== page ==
Immigration Hardliners Lose Sheriff Races in Massachusetts and Beyond

Massachusetts also voted to provide driver’s licenses to undocumented immigrants, while some notoriously ICE-friendly sheriffs are ahead in more rural areas.

Alex Burness | November 11, 2022

(Photo from U.S. Immigration and Customs Enforcement/Flickr)

Undocumented immigrants face fear and uncertainty on Massachusetts roadways, says immigrant defense attorney Lorrayne Reiter. They are barred from obtaining driver’s licenses, and in some areas local law enforcement works closely with federal immigration authorities. “They don’t feel safe while driving. They think the police are going to stop them and, based on their status, they’ll treat them differently,” she told Shorelinescripts this week.

But the tide turned on Tuesday, as Massachusetts voters approved giving people in the state driver’s licenses regardless of their immigration status. The referendum followed the adoption of a law earlier this year that expanded access to licenses; Republicans petitioned a veto referendum onto the ballot, and voters blessed the law this week.

“People are going to feel safer going on the roads, doing what Americans do—go to a doctor appointment, take children to school,” Reiter said. She works at the Brazilian Worker Center of Boston, an immigrants’ rights group that helped spearhead the Yes campaign.

The state’s immigrant advocates also cheered landmark wins this week in two counties where sheriff’s offices have long worked closely with Immigration and Customs Enforcement (ICE) to identify and detain immigrants. Under such local arrangements, minor interactions, like traffic stops, can escalate into detainment and even deportation.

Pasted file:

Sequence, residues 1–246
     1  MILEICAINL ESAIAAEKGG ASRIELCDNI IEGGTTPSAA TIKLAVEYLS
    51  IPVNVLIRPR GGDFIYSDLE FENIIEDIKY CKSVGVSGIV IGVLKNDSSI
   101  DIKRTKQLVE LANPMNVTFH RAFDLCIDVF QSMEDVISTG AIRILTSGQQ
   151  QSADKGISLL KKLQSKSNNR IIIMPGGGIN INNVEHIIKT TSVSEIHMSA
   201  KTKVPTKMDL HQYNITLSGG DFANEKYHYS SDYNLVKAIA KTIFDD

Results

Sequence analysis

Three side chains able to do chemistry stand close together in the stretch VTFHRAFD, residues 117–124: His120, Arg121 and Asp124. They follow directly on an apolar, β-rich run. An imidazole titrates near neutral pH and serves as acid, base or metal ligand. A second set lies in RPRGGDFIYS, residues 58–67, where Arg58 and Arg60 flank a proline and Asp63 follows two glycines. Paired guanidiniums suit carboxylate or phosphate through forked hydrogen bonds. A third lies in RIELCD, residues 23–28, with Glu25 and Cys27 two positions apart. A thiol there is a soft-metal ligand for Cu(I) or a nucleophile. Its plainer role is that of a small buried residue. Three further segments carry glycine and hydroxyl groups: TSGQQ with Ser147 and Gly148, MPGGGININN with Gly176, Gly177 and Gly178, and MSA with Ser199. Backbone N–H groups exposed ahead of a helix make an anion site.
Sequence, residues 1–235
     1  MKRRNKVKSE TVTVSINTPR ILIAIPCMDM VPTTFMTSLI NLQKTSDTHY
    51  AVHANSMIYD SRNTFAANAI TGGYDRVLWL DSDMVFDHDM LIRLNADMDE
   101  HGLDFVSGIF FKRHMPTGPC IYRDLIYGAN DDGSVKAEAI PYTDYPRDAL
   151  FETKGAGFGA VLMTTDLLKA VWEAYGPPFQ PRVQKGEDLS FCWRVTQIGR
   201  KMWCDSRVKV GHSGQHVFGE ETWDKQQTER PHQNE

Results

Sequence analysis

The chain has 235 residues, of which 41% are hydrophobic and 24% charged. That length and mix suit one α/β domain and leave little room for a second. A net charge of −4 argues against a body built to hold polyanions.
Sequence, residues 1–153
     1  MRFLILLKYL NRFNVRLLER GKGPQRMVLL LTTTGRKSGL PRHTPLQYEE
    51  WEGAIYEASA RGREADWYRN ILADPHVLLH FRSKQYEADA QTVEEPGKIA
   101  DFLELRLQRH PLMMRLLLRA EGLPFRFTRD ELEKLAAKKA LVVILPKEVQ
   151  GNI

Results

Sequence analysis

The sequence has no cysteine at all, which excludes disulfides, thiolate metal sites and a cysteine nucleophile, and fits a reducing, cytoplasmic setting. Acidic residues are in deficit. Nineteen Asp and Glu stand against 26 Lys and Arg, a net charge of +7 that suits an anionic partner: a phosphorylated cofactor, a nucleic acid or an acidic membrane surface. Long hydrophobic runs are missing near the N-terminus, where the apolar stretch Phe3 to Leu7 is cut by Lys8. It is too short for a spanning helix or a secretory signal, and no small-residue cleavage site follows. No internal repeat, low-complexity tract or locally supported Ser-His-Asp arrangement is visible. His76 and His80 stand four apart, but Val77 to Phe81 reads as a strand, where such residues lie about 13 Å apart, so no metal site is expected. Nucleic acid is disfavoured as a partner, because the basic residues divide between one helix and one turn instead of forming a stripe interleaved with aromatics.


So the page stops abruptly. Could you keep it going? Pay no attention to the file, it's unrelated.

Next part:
Barnstable County, home to Cape Cod, stood out as the only county in New England to contract into ICE’s 287(g) program, which enables sheriff’s deputies to act like federal immigration agents. But voters on Tuesday elected a new sheriff who promises to “rip up” the county’s contract to cooperate with federal immigration enforcement.

“The sheriff’s office should not be doing ICE’s job,” Democratic nominee Donna Buckley, who will replace a retiring, 23-year Republican sheriff, told Shorelinescripts in September. Her GOP opponent favored maintaining the county’s contract with ICE.

The Barnstable County jail, where the outgoing sheriff has maintained a 287(g) agreement with federal immigration enforcement. (Photo by Alex Burness)

In neighboring Bristol County, voters ousted Thomas Hodgson, a far-right sheriff with a history of draconian anti-immigrant policies. In 2017, Hodgson famously offered to send people detained in his custody to the U.S.-Mexico border to help build former President Donald Trump’s wall, and last year the federal government shut down his county’s immigrant detention facility over alleged civil rights violations.

Each of these changes was driven by on-the-ground organizing by immigrants’ rights activists in a state that tilts heavily Democratic but hasn’t always embraced immigrants in policy-making. Local groups like Bristol County for Correctional Justice and the Cape Cod Coalition for Safe Communities mounted active campaigns to educate voters in their counties about the stakes of these local elections.

Elsewhere in the country, two GOP candidates with a history of championing harsher immigration enforcement failed to seize sheriff’s offices.

In Doña Ana County, a border county in New Mexico that is home to Las Cruces, Democratic Sheriff Kim Stewart easily prevailed over a Republican challenger who was advocating for a tighter relationship with federal agents.

In Wake County (Raleigh), North Carolina, longtime sheriff Donnie Harrison failed in his comeback effort and lost to Democrat Willie Rowe. While in office, Harrison joined the 287(g) program and frequently demonized immigrants. He was ousted from office in 2018, alongside many other Republican sheriffs known for contracting with ICE who lost their reelection bids in North Carolina that year.